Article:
Bassanese's Market Insights: a tale of two markets | BetaShares

Bassanese’s Market Insights: a tale of two markets

BY David Bassanese | 15 April 2015

Although the Australian equity market is traditionally divided up into 11 “GIC” sectors, we can aggregate further into four key broader sectors: resources (energy and materials); cyclicals (industrials, consumer discretionary, and technology); defensives (consumer staples, health care, utilities and telecommunications), and financials (including listed property). Breaking down the market in this way produces some interesting results.


As seen in the table above, by market capitalisation resources, cyclicals, defensives and financials comprise 20%, 12%, 20% and 48% of the market respectively as at end-March 2015.  The overall Australian share market has been grinding out reasonable gains over the past few years, though with notable sector divergences. Indeed, the major factor holding back the market – and contributing to its underperformance compared with global peers – has been the slump in resource sector stocks, which were once the “darling” of the market.

 Price Performance

As seen in the chart below, all sectors excepting resources have been moving higher since mid-2012. Since end-May 2012 to end-March 2015, the S&P/ASX 200 price index has lifted by 45% – or a 13.9% compound annualised rate. Over the same period, financials were the standout rising by 77%, while defensives (typically with attractive yields) also rose by 59%. Yet despite the sluggish economy, it’s notable that even cyclical stocks rose by 44% – or broadly in line with the overall market. By contrast, prices in the resources sector have retreated by 8%.


Earnings Performance

In turn, the weakness in resource stocks has largely reflected the weakness in earnings. As seen in the chart below, resource sector “forward earnings” have been declining since the peak in commodity prices in late 2011, while earnings in all other three sectors have continued to trend higher. Since end-September 2011, resource sector forward earnings have slumped by 49%, while earnings in the defensive and financial sectors have lifted by 22% and 16% respectively. Signs of the sluggish economy, however, are evident by the fact that cyclical sector earnings have eked out only a 4% gain over this period. Overall, market forward earnings have declined by 9% since the peak end-September 2011. One worry for the market, however, is that there are tentative signs of a flattening out in forward earnings among the non-resource sectors since mid-2014.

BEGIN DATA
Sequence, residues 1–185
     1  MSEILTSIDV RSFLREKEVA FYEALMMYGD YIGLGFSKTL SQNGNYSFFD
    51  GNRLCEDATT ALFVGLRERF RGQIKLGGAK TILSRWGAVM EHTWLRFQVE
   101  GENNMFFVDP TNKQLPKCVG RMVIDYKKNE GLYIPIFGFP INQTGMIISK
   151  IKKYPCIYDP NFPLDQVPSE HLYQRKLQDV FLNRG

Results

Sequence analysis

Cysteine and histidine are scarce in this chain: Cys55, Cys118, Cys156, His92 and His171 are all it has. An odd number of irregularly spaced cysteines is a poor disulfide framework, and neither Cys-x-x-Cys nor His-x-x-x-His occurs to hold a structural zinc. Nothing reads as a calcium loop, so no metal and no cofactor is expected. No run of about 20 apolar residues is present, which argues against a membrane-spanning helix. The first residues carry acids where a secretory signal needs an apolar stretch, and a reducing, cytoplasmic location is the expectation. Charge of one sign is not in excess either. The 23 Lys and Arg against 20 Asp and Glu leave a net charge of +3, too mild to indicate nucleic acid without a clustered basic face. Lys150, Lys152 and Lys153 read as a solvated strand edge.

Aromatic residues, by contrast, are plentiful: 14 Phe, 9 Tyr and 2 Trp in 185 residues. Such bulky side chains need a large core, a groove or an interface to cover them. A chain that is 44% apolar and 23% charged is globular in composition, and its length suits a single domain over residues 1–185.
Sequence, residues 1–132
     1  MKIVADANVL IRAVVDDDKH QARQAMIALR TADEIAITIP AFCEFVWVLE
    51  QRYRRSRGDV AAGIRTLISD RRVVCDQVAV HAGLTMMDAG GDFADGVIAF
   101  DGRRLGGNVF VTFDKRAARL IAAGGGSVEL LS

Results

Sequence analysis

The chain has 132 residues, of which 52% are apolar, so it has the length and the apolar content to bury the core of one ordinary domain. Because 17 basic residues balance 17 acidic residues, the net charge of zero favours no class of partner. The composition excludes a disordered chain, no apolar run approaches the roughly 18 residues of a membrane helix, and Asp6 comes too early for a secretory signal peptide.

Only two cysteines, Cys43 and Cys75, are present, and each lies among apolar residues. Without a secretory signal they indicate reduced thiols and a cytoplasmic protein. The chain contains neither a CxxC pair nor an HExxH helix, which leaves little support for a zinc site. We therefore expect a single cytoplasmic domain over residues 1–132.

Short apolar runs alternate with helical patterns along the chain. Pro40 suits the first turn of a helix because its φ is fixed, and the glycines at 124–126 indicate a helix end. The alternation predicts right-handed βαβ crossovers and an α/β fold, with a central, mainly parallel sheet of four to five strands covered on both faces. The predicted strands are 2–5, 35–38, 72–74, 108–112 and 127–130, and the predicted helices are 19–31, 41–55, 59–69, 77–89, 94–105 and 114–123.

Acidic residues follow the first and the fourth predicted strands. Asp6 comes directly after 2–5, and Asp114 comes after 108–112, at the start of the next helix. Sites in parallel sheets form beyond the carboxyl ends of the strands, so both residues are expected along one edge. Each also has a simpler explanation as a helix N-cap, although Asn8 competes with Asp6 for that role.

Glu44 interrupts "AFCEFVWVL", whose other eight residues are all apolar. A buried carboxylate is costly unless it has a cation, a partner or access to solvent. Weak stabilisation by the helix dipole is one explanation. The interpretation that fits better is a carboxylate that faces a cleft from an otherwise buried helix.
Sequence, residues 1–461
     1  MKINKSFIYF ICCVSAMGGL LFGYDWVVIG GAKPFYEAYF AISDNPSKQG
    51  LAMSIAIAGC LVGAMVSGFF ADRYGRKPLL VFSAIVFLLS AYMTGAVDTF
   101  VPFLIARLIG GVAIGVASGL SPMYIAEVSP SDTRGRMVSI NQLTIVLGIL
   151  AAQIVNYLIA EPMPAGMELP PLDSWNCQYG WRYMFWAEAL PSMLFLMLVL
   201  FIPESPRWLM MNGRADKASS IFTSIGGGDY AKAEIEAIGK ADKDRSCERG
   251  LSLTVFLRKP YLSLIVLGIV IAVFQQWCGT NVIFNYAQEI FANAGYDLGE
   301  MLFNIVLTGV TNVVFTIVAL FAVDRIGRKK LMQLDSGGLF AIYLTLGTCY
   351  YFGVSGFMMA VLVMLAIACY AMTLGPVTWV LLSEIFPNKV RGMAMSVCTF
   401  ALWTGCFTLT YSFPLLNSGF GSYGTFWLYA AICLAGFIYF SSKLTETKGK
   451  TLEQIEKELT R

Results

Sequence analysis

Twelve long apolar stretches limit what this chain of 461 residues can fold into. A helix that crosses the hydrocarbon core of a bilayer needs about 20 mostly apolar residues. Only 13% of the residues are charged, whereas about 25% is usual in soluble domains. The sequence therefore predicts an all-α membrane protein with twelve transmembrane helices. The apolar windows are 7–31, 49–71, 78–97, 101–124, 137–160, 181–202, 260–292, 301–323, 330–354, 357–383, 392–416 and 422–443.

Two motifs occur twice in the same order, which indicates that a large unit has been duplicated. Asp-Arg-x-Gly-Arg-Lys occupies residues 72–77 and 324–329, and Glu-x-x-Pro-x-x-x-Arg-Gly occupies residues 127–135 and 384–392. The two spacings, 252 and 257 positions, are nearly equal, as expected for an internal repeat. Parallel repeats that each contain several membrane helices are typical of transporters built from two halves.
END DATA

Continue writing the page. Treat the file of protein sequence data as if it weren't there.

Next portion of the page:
Another worry for the market is that, at least in outright price-to-forward earnings terms, valuations are at the top end of their ranges for the past decade or so in all major sector groups – including resources. This suggests the market – and all four key sectors – are increasingly reliant on interest rates staying exceptionally low and/or a decent rebound in economic growth and earnings over the coming year.



  1. Bill  |  April 23, 2015

    It appears to me that Australia has become financial flotsam. With the BoJ, the ECB and others being huge players in our foreign exchange markets, as well as our bond market – both being third or fourth most traded in the world – our share market is being driven by short term returns and dividend expectations by speculators. The stark contrast between price performance and earnings performance as you have clearly explained here cannot be sustained. My guess is some black swan event will trigger a correction to valuations, and share prices will fall to match forward- earnings estimates. I moved 100% of my investments overseas in November 2013 and they remain there. After reading yours and other wise heads, like Ross Garnaut’s, investment outlook at the time I have never looked back.

    1. David Bassanese  |  April 24, 2015

      Thanks for your comments Bill. With the decline in the $A since late 2013, plus rising global markets, your offshore returns should have done well. Good luck in your future investments and happy you are still enjoying our ongoing research. Regards David

Leave a Reply